Turmoil within Montreal police could be contributing to racial profiling, activist warns

A prominent civil rights activist is worried about recurring complaints of racial profiling by Montreal police in recent months.

Another profiling case prompts concern about culture of impunity at SPVM

Helena Backa, Andrew Denis-Lynch and Fo Niemi . Denis-Lynch believes he was the victim of racial profiling earlier this month. (Matt D'Amours/CBC )

The internal turmoil within the upper echelons of the Montreal police department may be contributing to recurring incidents of racial profiling by its officers, one of the city's most prominent civil rights activists said Sunday.

Fo Niemi, executive director of the Center on Research-Action on Race Relations (CRARR), said the centre has, since January, received a series of complaints about threatening encounters between police and black Montrealers.

That period coincides with controversy about the leadership of the Montreal force. It is currently the subject of two parallel investigations into allegations internal affairs officers fabricated evidence in a bid to silence whistleblowers. 

Montreal police Chief Philippe Pichet, appointed by Mayor Denis Coderre in 2015, has repeatedly faced calls for his resignation from opposition politicians at city hall.

"There should be questions asked about whether these incidents are a manifestation of the lack of leadership ... the lack of internal control and internal accountability over how police officers deal with young black men out in the streets," Niemi said at a news conference.

A dance questioned 

The latest case to come to the centre's attention involves a 26-year-old black man who was given a $48 traffic ticket while driving his white girlfriend's car.

Andrew Denis-Lynch said on March 7 he did a dance move to cheer up his girlfriend after parking the car outside her home in Côte-des-Neiges.

A police cruiser pulled alongside him and an officer demanded to know why he was "happy" and whether he was the owner of the car, according to Denis-Lynch.

He acknowledged he resisted initial requests to provide him name, demanding to know what he had done wrong. The situation escalated quickly after that.

Denis-Lynch girlfriend, Helena Backa, said a female officer became aggressive with them when she suggested there may be a language barrier, and offered to speak in French.

Helena Backa and Andrew Denis-Lynch spoke Sunday about the incident. (Matt D'Amours/CBC)

"She said 'Don't tell me how to do my job' and she went to grab my right wrist but Andrew got in the way," Backa said.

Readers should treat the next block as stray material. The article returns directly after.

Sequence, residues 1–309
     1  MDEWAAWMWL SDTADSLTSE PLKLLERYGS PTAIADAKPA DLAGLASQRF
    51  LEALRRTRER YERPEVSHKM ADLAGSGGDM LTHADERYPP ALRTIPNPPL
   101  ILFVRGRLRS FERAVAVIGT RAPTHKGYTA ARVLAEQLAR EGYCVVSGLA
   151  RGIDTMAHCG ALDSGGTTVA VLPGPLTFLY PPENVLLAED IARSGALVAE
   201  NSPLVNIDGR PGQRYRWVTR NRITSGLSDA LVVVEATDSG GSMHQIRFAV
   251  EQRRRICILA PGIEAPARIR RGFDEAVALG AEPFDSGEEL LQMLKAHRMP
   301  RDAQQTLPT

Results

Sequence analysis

The officer then grabbed Denis-Lynch, but released him when Backa asked if they were being detained. 

The couple said the officers radioed for back-up and five other police cruisers soon arrived on the scene. The officers surrounded the couple and had their hands on their holsters, according to a statement prepared by CRARR.

After roughly 20 minutes, Denis-Lynch was handed a ticket for "being a pedestrian and standing on the roadway to deal with the occupant of a vehicle." 

"Six police cars to deal with a young black man for allegedly dancing in the middle of a small residential street, in front of his girlfriend's car and house, at midnight — I wonder [if] a young white man would be treated the same way," Denis-Lynch said in the statement prepared by CRARR. 

Persistent problems?

One week earlier, Niemi convened media to discuss another case of purported racial profiling. In that instance a black man driving a Mercedes claimed he was pulled over and handcuffed, then detained in the back of a Montreal police squad car while a video recording of the incident was erased.

"This seems to be happening slightly too often in the last three months," Niemi said of the complaints about racial profiling. "So we're just concerned there is something here."

In 2012, Montreal police devised an action plan for dealing with racial and social profiling. But the plan hasn't been updated since 2014, Niemi said.

CRARR brought Kenrick McRae's case to the media last week. McRae said he keeps a camcorder in his Mercedes because he's been 'stopped so many times' and wants to protect himself. (Matt D'Amours/CBC)

He added that Montreal police have largely dismantled the resources that were put in place by former chief Marc Parent to deal with profiling issues. 

"It's very important that the [current] police chief state very categorically ... what specific steps he and his dependants are going to take in order to prevent these kinds of upsetting incidents from taking place," Niemi said.

Montreal police declined a request for comment from CBC Montreal. The police department is expected to release a new racial profiling action plan later this year.

Niemi said CRARR will help Denis-Lynch file a complaint with the police ethics commission and, possibly, with the Quebec Human Rights Commission as well. 

With files from Matt D'Amours